Thomas de Maizière in Sofia: Plea for new approach on asylum policy

Written by on January 26, 2018 in Europe - Comments Off on Thomas de Maizière in Sofia: Plea for new approach on asylum policy

After years of arguments regarding the quota system for the admission of asylum seekers from Syria, Afghanistan and other countries to states within the European Union, there is still a deadlock in the discussion. Europe, and especially its Interior Ministers, are understandably sick of it. At the same time most of them know solutions have to be found.

During the meeting of the EU’s Ministers of the Interior and its Ministers of Justice in Bulgaria, the EU Commissioner for Migration, Home Affairs and Citizenship, Dimitris Avramopoulos said, this was the time for a reformed and just system with a fair burden sharing.

As much as many ministers agreed, they all knew that implementing such a system everyone would agree with is a mission impossible in today’s Europe, in which member states are even being accused of not playing ball in front of the European Court of Justice.

Germany’s Interior Minister Thomas de Maizière therefore made a suggestion which would bypass the argument at first. In Sofia, he said the allocation of refugees was the toughest subject of them all. For that reason, other aspects of the asylum policy should be agreed to first. Any breakthroughs on that end could lead to agreements in other areas.

The German ministers approach would be to talk about points everyone will agree with and save the bitter pill, the quota, for last.

But there is a long list of unresolved questions, including the kind of relief member states should get which are more involved that others, because of their geographical location. Those countries would include Bulgaria, Greece and Italy.

Another big question is how EU member states could actually be forced to accept their share of refugees. That one is hard to answer, since several EU countries keep on rejecting any quota system in the first place, including Hungary, Czechia and Austria.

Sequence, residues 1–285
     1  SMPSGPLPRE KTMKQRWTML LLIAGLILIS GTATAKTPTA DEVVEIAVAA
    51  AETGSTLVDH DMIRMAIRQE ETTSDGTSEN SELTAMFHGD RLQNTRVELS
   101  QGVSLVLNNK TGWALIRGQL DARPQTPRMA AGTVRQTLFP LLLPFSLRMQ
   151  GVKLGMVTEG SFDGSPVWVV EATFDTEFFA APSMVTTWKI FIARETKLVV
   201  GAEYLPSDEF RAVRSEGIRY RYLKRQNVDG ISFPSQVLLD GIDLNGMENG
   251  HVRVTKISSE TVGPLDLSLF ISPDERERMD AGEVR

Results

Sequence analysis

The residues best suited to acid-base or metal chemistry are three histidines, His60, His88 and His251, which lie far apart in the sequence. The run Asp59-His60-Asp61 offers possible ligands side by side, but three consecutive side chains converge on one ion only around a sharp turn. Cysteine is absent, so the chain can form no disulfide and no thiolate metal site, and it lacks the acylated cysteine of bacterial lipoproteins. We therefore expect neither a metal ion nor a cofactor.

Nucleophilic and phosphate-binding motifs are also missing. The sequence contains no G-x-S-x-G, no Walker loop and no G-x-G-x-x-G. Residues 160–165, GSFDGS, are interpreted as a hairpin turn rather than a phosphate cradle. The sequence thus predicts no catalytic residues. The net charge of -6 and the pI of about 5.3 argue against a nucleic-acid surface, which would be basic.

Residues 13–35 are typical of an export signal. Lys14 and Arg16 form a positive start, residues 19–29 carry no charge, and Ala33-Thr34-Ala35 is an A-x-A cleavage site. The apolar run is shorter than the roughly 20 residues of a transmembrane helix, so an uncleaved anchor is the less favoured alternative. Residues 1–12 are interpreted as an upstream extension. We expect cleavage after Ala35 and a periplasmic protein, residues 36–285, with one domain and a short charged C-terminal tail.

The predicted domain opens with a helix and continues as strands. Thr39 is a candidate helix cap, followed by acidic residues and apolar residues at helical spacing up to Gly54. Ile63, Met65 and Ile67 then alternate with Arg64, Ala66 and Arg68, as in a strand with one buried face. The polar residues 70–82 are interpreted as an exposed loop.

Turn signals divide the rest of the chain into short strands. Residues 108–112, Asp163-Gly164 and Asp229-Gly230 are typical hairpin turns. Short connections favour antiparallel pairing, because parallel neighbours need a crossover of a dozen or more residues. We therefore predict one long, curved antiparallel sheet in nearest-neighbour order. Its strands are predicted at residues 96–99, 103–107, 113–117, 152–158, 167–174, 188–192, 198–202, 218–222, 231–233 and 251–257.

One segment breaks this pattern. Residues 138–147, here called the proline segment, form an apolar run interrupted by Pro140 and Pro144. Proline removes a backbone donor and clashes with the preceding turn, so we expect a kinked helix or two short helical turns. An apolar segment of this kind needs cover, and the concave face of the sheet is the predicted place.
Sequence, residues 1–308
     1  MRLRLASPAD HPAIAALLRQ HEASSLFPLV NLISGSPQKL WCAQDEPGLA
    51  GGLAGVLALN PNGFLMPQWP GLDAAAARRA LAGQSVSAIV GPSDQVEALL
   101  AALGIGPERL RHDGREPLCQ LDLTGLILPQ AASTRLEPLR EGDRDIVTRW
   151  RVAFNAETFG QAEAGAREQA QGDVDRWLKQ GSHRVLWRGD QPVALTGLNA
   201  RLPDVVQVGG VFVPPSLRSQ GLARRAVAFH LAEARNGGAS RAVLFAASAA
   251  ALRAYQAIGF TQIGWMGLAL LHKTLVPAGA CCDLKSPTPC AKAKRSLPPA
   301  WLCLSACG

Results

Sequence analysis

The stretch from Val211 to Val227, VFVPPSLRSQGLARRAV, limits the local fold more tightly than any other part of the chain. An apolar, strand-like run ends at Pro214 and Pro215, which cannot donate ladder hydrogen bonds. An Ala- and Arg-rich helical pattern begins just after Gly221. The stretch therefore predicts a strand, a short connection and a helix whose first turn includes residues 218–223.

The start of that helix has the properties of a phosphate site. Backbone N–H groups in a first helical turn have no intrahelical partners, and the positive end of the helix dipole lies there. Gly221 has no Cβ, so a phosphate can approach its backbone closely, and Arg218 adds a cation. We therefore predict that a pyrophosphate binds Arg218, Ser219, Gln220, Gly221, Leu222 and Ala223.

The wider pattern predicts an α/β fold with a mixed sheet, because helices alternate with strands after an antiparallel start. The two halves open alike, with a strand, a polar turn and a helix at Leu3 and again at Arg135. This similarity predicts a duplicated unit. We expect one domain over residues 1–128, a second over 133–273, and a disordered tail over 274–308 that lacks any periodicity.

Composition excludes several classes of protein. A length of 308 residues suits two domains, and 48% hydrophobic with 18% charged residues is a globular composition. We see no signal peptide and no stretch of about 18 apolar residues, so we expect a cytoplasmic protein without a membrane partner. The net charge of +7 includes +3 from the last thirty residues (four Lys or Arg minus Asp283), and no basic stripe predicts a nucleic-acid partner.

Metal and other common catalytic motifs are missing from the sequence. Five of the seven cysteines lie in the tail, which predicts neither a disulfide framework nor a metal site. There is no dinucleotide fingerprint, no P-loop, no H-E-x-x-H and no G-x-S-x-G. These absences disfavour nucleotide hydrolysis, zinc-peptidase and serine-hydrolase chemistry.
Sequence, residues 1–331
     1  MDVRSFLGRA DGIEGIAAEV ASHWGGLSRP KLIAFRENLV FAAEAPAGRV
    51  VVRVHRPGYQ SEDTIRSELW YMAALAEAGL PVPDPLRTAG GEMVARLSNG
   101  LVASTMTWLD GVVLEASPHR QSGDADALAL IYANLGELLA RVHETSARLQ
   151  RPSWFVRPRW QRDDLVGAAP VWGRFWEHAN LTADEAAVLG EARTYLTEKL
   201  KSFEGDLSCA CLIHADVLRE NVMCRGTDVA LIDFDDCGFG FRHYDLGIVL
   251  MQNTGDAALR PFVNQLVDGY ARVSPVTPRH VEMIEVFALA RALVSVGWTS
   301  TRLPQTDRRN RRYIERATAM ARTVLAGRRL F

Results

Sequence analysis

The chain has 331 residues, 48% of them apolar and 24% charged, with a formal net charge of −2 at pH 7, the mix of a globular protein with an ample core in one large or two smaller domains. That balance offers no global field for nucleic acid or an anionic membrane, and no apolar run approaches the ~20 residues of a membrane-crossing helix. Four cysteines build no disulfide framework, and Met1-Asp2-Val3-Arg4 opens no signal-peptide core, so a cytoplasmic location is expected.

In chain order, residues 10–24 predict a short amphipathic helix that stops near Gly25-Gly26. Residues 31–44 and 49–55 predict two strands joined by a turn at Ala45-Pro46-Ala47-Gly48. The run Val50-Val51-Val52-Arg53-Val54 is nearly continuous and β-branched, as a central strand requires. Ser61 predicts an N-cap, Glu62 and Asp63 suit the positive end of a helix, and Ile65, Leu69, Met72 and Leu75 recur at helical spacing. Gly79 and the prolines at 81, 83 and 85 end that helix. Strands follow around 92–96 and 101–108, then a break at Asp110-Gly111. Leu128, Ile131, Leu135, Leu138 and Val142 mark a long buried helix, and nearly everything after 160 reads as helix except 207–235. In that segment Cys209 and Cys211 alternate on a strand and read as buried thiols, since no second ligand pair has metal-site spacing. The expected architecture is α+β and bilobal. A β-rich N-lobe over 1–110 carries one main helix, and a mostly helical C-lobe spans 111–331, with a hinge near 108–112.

The two and a half years since the peak of the refugee crisis have shown that the Dublin Regulation is not working well. This has to do with countries which do not adhere to it, but also with the fact that most asylum seekers who enter Europe want to go to Germany, France and other Western European countries, even if they register in other EU countries, such as Greece or Bulgaria, before they get there.

The regulation says that the first EU country a refugee enters will be responsible for his or her asylum procedure.

In the coming months, a reform of the EU’s asylum policy will be subject of the never ending discussion. The ministers want to have the same kind of asylum procedures in all members states. And those should never take longer than 6 months, some of them said.

It is good to have good ideas. But implementing them in today’s European Union is a tough job. The outcome, if there is one, will not be perfect.

Another never ending discussion was continued as a sideline of the Sofia meeting: Bulgaria’s entry into the Schengen zone. The Austrian Herbert Kickl, who is part of the far-right party FPÖ, said his country acknowledged Bulgaria’s efforts in protecting the outer EU border. But forcing things would not work in this regard, since any decision on Bulgaria and Schengen would be too important and the challenges at hand were too big.



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